I think,[itex]\Psi'(x)[/itex] can be obtained by replacing k by 4k in [itex]\Psi(x)[/itex] .

    If so;

    [itex]\Psi'(x)[/itex] = (4a[itex]\sqrt{k}[/itex]/[itex]\pi[/itex])1/4 Exp (-2ax2[itex]\sqrt{k}[/itex])

    As you said wavefunction should be continuous. ie,[itex]\Psi'(x)[/itex] should be same as [itex]\Psi(x)[/itex] just after the change.

    Then can i take [itex]\Psi(x)[/itex] = [itex]\Psi'(x)[/itex] ?

    On taking so, i get x = 0 .

    I just donno what this mean?
    I have to find the probability of the system to be in the new ground state. How can i obtain this?What is the problem with my procedure? Isn't it the correct method?
     
    Last edited: Sep 19, 2011
  7. Sep 19, 2011 #6

    vela

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    If the state doesn't change, the wave function doesn't change.
     
  8. Sep 20, 2011 #7
    Could you please clarify?
    Is that mean that the state of the system and probability remain same even after changing the parameters like k ?
     
    Last edited: Sep 20, 2011
  9. Sep 20, 2011 #8

    vela

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    Remember the wave function contains all the information about the state of the particle. If the wave function changes, that implies the state changed, and vice versa. Immediately after the potential changes, the wave function of the particle is still[tex]\psi(x) = \left( \frac{2a\sqrt{k}}{\pi}\right)^{1/4} e^{-ax^2\sqrt{k}}[/tex]What has changed, however, is the ground state of the system.

    In other words, with the original potential, the particle was in a state that was also the ground state of the system. With the new potential, the particle is still in what was the ground state of the system, but the ground state of the new system is different.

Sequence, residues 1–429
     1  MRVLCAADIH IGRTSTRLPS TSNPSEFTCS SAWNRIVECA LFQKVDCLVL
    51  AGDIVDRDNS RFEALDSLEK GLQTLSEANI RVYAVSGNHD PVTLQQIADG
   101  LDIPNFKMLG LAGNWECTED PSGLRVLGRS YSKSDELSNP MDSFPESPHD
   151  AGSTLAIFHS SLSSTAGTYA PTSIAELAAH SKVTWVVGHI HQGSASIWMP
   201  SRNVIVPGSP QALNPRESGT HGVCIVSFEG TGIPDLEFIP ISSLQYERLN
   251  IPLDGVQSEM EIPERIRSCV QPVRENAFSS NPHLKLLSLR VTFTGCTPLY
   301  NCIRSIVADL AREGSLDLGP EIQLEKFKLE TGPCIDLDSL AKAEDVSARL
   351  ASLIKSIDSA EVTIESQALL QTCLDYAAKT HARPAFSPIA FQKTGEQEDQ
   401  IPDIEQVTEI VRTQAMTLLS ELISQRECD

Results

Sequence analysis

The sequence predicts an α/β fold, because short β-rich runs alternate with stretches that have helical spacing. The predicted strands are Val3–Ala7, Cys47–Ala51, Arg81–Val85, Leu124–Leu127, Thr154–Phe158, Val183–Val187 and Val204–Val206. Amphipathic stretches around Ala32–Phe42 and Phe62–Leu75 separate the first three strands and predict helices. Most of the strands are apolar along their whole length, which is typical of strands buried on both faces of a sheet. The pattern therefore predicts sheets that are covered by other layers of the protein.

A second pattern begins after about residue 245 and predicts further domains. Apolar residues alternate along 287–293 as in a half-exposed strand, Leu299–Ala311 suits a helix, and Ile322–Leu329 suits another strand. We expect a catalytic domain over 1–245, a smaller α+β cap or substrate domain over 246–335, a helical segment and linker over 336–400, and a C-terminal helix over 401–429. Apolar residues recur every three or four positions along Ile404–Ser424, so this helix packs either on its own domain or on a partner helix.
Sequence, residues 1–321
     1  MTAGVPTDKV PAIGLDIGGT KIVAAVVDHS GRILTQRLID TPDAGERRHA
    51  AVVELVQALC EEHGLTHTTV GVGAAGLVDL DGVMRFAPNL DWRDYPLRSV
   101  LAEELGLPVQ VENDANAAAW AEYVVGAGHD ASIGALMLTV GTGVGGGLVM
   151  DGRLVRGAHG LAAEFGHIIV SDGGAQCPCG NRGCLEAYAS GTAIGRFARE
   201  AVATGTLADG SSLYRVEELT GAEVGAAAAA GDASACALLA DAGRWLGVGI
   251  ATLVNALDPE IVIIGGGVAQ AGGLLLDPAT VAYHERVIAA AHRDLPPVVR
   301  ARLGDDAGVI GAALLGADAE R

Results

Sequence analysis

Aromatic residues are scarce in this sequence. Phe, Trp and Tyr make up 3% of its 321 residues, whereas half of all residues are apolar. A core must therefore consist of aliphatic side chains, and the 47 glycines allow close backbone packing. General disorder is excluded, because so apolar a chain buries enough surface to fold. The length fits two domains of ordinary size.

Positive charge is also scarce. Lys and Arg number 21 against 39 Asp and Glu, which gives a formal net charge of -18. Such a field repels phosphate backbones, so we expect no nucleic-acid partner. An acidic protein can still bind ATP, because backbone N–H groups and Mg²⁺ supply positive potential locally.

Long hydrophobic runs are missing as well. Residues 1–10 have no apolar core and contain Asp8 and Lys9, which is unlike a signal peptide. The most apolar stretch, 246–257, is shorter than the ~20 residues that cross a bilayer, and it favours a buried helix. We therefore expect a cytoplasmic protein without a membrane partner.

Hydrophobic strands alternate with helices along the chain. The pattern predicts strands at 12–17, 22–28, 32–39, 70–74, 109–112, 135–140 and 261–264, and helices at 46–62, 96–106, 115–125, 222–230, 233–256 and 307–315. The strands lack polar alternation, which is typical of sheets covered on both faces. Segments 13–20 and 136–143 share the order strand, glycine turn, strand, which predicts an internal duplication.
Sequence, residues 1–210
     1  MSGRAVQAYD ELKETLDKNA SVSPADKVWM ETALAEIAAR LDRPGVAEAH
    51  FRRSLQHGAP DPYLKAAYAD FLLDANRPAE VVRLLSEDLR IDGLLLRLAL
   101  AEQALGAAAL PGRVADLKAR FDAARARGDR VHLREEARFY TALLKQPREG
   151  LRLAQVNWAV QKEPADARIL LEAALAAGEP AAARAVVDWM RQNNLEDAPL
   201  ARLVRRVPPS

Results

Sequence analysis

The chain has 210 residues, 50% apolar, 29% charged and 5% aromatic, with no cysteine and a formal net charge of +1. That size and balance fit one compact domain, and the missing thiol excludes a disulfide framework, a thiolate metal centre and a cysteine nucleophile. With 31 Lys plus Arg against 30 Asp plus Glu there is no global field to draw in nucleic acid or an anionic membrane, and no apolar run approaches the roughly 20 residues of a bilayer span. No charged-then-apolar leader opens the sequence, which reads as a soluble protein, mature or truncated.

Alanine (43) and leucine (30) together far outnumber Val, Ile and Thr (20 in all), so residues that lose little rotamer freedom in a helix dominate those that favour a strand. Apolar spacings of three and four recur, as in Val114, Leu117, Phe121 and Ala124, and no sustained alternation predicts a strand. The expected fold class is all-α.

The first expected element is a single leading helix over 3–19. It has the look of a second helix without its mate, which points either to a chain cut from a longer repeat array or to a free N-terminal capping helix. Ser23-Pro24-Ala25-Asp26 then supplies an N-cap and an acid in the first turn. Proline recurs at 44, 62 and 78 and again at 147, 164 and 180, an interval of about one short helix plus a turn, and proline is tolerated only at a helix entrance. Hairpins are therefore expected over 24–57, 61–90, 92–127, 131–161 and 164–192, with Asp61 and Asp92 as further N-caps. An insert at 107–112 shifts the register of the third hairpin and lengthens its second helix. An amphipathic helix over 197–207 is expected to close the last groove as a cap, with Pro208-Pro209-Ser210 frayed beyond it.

10. Sep 22, 2011 #9
    Then how to find new ground state?
     
  11. Nov 10, 2011 #10
    I didn't get the answer yet.Please help.
     
  12. Nov 10, 2011 #11

    vela

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    At t=0-, you have
    [tex]\hat H_- = -\frac{\hbar^2}{2m}\frac{d}{dx} + \frac{1}{2}kx^2[/tex]which has eigenstates [itex]\phi_0(x)[/itex], [itex]\phi_1(x)[/itex], ... where
    [tex]\phi_0(x) = \left( \frac{2a\sqrt{k}}{\pi}\right)^{1/4} e^{-ax^2\sqrt{k}}[/tex]is the ground state. Note that we haven't said anything about the state of the system. We're just talking about the eigenstates of the system.

    At t=0+, the potential changes so that
    [tex]\hat H_+ = -\frac{\hbar^2}{2m}\frac{d}{dx} + \frac{1}{2}(4k)x^2[/tex]which has eigenstates [itex]\chi_0(x)[/itex], [itex]\chi_1(x)[/itex], .... You should be able to tell us what the ground state [itex]\chi_0(x)[/itex] is. Again, note that we have said absolutely nothing about what the actual state of the system is.

    You're told that prior to the change, the system is in the ground state. That means [itex]\psi(x) = \phi_0(x)[/itex] at t=0-. At t=0+, you must also have [itex]\psi(x) = \phi_0(x)[/itex] because the wave function evolves continuously.

    Now what expression gives the probability amplitude of finding the system in the state [itex]\chi_0(x)[/itex] when it's in the state [itex]\psi(x)[/itex]?